The New York Times' Robert Strauss looks at the growing trend of wealthy suburbanites drawn like moths back to the bright lights of city centers, as many baby boomers take their downsizing from the outskirts to urban condos.

The article profiles One Riverside, a 22-story luxury condo deal being built in Philadelphia, just the latest in a string of new high-profile condo projects in the city. And sales have been robust: In the third quarter, there were 34 condo sales of more than $1 million in the city, a new record.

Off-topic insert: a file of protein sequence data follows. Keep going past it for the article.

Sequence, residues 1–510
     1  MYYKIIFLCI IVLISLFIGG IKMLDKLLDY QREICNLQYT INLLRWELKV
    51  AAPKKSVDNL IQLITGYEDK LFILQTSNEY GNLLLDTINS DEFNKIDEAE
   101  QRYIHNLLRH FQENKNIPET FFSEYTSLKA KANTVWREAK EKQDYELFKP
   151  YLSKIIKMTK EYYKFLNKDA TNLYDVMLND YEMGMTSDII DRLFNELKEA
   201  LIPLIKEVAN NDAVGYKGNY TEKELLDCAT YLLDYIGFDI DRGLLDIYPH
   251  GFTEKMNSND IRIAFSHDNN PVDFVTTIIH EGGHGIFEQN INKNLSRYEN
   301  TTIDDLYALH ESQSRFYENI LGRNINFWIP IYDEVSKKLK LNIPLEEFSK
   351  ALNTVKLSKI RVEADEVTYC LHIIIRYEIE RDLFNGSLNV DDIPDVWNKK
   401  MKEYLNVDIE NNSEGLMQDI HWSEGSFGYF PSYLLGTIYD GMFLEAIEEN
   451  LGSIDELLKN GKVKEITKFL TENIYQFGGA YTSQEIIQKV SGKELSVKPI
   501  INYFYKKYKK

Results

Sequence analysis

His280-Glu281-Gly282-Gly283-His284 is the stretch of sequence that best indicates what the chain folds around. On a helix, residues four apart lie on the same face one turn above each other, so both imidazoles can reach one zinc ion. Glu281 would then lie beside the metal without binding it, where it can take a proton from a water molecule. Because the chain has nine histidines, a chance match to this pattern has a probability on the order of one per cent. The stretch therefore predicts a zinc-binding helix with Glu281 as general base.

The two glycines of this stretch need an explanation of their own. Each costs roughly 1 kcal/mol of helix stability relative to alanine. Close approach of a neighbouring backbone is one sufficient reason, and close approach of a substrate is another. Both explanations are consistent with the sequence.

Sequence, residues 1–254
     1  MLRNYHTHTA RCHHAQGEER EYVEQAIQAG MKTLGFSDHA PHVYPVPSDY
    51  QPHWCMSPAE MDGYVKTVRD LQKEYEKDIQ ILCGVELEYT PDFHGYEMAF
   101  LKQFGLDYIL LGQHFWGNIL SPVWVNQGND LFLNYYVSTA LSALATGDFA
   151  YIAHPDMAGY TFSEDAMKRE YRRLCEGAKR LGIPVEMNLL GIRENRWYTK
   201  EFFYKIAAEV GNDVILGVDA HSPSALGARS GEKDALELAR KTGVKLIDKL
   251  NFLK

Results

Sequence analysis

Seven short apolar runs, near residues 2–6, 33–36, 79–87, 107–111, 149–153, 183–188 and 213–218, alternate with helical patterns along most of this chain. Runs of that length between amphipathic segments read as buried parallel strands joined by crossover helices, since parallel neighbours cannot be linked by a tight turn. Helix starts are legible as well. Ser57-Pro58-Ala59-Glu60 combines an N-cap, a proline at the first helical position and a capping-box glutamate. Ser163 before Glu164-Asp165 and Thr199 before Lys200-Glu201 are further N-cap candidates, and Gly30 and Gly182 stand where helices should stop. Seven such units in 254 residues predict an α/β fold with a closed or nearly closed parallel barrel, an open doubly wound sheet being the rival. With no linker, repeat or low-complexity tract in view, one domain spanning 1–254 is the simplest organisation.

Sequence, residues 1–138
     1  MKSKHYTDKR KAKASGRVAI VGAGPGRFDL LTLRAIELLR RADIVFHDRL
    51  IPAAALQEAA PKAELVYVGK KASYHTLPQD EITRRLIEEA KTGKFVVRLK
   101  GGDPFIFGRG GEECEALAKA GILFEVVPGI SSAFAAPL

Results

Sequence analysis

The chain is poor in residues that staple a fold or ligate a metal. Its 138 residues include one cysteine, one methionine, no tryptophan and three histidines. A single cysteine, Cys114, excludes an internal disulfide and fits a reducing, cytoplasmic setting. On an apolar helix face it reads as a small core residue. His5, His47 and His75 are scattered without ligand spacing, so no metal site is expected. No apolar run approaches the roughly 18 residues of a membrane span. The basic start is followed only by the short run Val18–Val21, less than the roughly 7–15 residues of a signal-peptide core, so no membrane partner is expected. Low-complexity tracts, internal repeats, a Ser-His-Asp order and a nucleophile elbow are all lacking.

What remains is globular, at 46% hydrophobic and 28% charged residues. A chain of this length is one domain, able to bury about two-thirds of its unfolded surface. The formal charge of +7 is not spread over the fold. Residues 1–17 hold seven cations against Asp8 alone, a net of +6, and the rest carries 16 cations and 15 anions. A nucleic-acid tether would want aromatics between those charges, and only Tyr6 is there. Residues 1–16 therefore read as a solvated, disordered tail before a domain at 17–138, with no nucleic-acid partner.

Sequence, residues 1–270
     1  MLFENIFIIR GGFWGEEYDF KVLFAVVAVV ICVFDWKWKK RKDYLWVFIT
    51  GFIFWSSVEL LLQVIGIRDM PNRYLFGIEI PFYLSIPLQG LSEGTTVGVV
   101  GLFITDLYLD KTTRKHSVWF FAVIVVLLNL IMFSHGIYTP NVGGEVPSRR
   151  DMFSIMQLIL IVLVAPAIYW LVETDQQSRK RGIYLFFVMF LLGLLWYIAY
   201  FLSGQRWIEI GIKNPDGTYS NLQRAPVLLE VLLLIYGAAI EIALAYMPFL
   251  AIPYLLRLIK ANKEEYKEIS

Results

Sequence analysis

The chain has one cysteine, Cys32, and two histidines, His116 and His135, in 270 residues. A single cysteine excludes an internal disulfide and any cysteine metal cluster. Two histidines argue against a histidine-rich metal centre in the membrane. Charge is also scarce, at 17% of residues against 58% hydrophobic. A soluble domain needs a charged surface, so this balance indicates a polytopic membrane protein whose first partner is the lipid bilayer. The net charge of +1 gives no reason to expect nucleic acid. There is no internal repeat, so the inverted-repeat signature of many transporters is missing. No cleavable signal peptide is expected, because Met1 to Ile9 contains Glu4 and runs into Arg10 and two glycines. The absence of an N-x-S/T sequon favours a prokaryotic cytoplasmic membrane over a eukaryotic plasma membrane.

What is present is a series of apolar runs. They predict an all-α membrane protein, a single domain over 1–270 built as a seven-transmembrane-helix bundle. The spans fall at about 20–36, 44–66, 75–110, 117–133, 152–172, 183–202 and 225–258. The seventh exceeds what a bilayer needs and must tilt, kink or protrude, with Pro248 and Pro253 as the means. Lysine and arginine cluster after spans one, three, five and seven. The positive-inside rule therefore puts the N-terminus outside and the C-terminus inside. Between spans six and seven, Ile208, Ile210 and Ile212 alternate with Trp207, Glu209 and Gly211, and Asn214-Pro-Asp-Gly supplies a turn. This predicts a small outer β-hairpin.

While $100 million Manhattan condos are the talk of high-end urban real estate, Philadelphia’s experience is being repeated in a quieter way all over the country, according to figures from the National Association of Realtors. Residential sales of $1 million or more in downtown sections of cities have been 2.2 percent of sales since 2013, compared with 1.8 percent in the 2009-12 period.

“Things just lined up in the last few years,” said Patrick L. Phillips, the global chief executive of the Urban Land Institute, a research organization in Washington. “The peak of the baby boom is right around 60 and these wealthy folks have a lot of embedded equity in their homes. They have the wherewithal to move into something with space in the city.”

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